Way back in 1991 or so, I was in a band called the Barbara Lynch Band. We were all full-time musicians with a pretty good management contract so we were able to rehearse daily and hone the band's sound and stage show pretty well. We did a ton of show-cases, and like any band who works hard and has even moderately good players and material, we were able to attract a fairly large following and generate a lot of buzz. Eventually we came to the notice of the Toronto press and for about a year or two, were the darlings of the King Street scene. We won a ton of press accolades (like best band in Toronto etc.) and were featured on Much Music's The New Music (along with Keith Richards) and on CITY-TV's music shows. In fact, I think there are some very bad copies of  a few of our performances at CITY-TV on Youtube.

The band eventually started to be wooed by labels and booking agents. We were offered quite a few tours overseas, and several pretty good deals with small independent labels. Our manager refused them all and was waiting for interest from the American majors. Given that he had just signed two of his acts to similar deals it made sense to follow his advice. The only problem was that we weren't really all that fashionable as far as commercial music went. We were more like Sword-Fish Trombone era Tom Waits meets Weather Report. Nevertheless a parade of deals crossed the table.

Quite a few producers offered us demo deals and we ended up in quite a few major studios in Toronto. Eventually we settled with Metalworks studio and recorded an EP with Roxy Music producer John Punter and Rush engineer Rick Andersen. It was a delightful time and something which I will detail in a a post about amazingly good experiences. This post is about the opposite.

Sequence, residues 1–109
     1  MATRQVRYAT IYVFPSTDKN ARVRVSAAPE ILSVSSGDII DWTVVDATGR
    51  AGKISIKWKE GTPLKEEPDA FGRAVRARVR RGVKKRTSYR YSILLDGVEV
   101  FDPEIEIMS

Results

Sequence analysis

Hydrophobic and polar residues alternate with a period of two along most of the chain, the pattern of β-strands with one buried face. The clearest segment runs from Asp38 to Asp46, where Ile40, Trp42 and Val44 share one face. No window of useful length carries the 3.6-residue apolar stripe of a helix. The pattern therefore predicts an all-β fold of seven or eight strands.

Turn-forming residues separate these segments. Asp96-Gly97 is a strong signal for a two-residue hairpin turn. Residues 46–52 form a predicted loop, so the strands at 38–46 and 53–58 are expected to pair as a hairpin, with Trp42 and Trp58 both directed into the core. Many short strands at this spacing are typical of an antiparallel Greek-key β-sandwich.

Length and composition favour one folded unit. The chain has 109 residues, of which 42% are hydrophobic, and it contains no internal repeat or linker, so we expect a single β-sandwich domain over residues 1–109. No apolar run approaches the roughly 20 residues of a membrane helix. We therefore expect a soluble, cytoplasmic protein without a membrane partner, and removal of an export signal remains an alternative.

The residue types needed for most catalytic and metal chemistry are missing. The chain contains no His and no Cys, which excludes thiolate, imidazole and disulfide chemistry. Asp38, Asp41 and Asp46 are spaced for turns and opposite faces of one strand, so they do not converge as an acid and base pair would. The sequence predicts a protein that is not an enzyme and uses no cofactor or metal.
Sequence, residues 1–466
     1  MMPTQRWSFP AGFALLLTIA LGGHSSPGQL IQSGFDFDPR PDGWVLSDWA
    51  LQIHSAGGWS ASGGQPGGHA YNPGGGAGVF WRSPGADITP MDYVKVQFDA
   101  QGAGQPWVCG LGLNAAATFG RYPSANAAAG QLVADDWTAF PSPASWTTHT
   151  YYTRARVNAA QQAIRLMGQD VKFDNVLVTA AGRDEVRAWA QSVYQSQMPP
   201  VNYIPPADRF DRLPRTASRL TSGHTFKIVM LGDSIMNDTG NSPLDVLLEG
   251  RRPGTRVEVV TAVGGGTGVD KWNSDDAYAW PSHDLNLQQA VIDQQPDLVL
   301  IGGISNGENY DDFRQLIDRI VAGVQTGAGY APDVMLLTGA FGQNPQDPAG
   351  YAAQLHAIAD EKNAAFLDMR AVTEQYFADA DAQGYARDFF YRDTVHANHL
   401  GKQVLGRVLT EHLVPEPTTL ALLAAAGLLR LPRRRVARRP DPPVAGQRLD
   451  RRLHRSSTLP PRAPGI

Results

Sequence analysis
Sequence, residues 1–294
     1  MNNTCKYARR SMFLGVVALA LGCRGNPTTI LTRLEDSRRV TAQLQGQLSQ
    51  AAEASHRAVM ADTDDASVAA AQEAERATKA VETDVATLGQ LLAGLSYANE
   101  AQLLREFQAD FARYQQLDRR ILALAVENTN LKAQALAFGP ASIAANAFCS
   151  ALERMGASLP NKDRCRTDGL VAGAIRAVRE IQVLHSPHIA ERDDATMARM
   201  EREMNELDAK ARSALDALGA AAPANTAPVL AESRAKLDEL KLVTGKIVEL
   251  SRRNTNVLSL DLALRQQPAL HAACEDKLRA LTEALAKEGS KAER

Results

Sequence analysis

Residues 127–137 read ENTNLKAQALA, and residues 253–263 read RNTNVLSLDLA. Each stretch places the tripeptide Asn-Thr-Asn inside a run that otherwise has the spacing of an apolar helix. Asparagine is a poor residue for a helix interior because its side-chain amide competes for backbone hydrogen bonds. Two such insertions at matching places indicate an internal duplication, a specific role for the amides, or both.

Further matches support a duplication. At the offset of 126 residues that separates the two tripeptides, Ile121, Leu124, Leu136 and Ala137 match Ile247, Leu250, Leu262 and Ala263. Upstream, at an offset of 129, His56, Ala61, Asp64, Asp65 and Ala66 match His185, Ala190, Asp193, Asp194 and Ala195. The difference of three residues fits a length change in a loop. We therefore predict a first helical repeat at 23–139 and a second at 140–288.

So. Before we ended up at Metalworks with the amazing aforementioned production team, we did quite a bit of demo recording with other producers. One of them took us to a great facility. Back then it was all SSL boards and 24 track Studers coupled up via Adam-Smith synch units. It was all very impressive so we were awe-struck to be in the studio recording with this one producer. He was super friendly and kept telling us how great we were and how unique. All he wanted to do he said, was choose the best two songs we had and produce them up for a more radio friendly sound. We had a song that had this very cool drum intro we loved (think of I Mother Earth's Used To Be Alright, a wholly appropriate choice given that we shared management and a ton of stages...in fact I am sure that intro to their song was inspired by ours).

Anyway....the song chosen was one of our stronger pieces so we totally understood why the producer wanted to start with it. So we started tracking. We got about 40 seconds in and the producer called us to a halt. He wanted to iron out something in the drums he said. So we went over the intro with a fine tooth comb. Maybe not so many clicky rim sounds was the first directive, so Jim Casson the drummer began voicing the pattern on just the heads. None of us liked it as much, but we were doing our best to be professional and follow the producer. We started recording again. Forty seconds later we stopped again. Hmmm, maybe a snare hit on three would be better, was the next directive. Ok. Snare hit on three it was. On with the tune. Ten seconds later we stopped again. Maybe the snare should hit on 2 and 4 instead. Ok.